Vanilla discovery tour
Whether exploring a national park in the SAVA region or just travelling through Sambava, the de facto capital of the world's vanilla agriculture, a tour of a vanilla plantation combined with a visit to a vanilla production facility can give visitors an insight into the lenghty and labour intensive process of transforming the green fruits of vanilla orchids into the fragrant black natural vanilla spice that is a highly appreciated ingredient in quality ice creams, pastries and countless other food products.
What can be seen depends on the activities that are happening at the time of visiting. Between May and June, the picking of green vanilla beans is done across plantations on the northwest coast around Sambava, Antalaha and Vohemar as well as further inland, while at higher altitudes, around Andapa and Marojejy, the harvesting usually takes place in July and early August.
After harvesting, the green vanilla crops are brought by farmers to organised vanilla markets across all vanilla producing regions where buyers will bid for their harvests. A minimum price is set by the governent each year, which in 2022 was 75,000 Ar per kilogram of green vanilla.
The crops are bought mainly by exporters and producers who manage the months-long transformation of the green beans into black vanilla beans. The beans will lose moisture and shrink during the drying process and every six kilos of green beans, approximately one kilogram of black vanilla beans will be produced.
Througout the transformation process, known as the curing process, the beans are graded and grouped into classifications: Grade A being Gourmet Quality, Grade B Extract quality and Grade C known as Cuts & Splits. These classifications, sometimes mistaken for indicators of quality, are in fact classifications based on humidity and therefore suitability for different uses. Low-humidity beans are suited for large-scale food processing purposes as they can easily be ground into powder and mixed into various food products. Grade B, or Extract grade vanilla beans, is the definition for the vanilla grade that is typically used for the production of vanilla extracts, while Grade A beans, or gourmet quality beans that are of the highest humidity, have also been set aside in part for their appearance as favoured by chefs and end-consumers who will typically split open the pods to scrape out its contents and mix into various cooking and baking creations. Yet, all grades can be used in cooking and baking. While grade A may have a stronger scent and a better overall appearance, Grade B or even C with its lowest moisture content will offer the greatest volume per kilogram, effectively providing more vanilla and flavouring for the same weight at a lower price than Grade A beans.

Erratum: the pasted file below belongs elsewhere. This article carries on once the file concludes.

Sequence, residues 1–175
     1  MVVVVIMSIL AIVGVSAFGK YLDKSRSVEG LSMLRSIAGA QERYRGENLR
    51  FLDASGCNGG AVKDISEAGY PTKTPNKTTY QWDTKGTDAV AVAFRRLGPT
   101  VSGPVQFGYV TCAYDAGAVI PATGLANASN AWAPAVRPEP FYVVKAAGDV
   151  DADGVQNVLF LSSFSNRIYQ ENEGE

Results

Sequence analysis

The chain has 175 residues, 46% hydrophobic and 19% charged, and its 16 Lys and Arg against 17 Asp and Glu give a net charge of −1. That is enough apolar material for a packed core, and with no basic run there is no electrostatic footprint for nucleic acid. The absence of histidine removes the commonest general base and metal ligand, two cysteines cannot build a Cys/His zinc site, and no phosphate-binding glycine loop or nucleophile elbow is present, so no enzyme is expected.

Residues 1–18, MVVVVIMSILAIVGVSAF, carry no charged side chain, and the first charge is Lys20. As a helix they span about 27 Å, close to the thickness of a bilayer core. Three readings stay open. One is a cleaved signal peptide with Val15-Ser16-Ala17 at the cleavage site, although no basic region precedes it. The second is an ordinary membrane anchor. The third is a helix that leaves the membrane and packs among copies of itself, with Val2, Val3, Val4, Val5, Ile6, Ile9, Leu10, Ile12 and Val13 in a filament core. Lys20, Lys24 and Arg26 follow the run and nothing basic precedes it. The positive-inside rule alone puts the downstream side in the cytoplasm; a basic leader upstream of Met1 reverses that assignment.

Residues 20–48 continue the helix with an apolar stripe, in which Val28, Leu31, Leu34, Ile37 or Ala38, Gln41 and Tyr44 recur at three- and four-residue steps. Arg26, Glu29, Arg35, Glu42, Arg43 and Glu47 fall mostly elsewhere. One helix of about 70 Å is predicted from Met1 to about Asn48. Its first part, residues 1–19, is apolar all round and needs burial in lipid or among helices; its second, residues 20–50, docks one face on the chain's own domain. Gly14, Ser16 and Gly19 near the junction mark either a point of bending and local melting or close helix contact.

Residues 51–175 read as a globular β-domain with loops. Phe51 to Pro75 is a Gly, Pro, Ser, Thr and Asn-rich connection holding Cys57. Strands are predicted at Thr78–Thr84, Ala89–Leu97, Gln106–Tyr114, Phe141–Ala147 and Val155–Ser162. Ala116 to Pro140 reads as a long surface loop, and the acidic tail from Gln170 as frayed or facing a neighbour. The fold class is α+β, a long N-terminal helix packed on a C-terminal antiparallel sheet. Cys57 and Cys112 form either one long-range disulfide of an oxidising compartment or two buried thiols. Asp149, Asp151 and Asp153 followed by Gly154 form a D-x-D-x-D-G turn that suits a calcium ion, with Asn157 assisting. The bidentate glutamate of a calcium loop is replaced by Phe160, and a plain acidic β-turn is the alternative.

In Madagascar, vanilla is rarely used in home cooking and is almost exclusively farmed for export purposes. Since the price of vanilla peaked at around USD 500 per kilo in 2018 and 2019, countless farmers have invested their time and efforts in cultivating vanilla as their primary cash crop.
Vanilla beans grow best in light but shaded conditions. Partly and fully grown green vanilla beans can be seen at plantations between March and up until harvesting time.
Historically, the type of vanilla grown in Madagascar is the Planifolia species, also known as Bourbon vanilla or simply Madagascar vanilla.
The species originates from Mesoamerica where it grew centuries ago
The "Bourbon" partis a hostroical reference a French owned slave on La Reunion, then known as Bourbon Island, who discovered how to pollinate the vanilla orchids by hand to bear their fiuits, since in its original environment, pollination only occurs by bees native to Mexico.
Apart from flavouring sweets in countless food and drink products, vanilla is used in essential oils, cosmetics, toiletries, perfumes as well as in medicines.
The medicinal values are ...
The price of different vanilla has in part been determinded by its vanillin percentage, the higher the vanillin percentage, the the higher the price, with the Thaitian variety having fetched record prices in recent years while the Mexican variately (Pompona) having had the lowest and the Magascan planifolia usually placed between.
While a high vanillin percentage may look good on paper, studies have shown that high values of 2% or more does not necesssarily equate to an improved taste quality. Instead, beans with a vanillin percentage value of around 1.7% were considered to have the most balanced flavour profile and the highest overall score.
There are subtle taste differences, which may easily only be distinquisged by a gourmandise chef and while the terroir makes a difference, Planifolia is known for its floral notes, Pompona for having a more subtle flavour and Thaitian being known for its anaise notes and sweetness. Thaitian, being a hybrid between Planifolia and Odorata, it prove difficult to tell the differnce between a Planifolia and Tahitian grown in a same terroir somewhere in for example Madagascar.
Sorting Cuts & Splits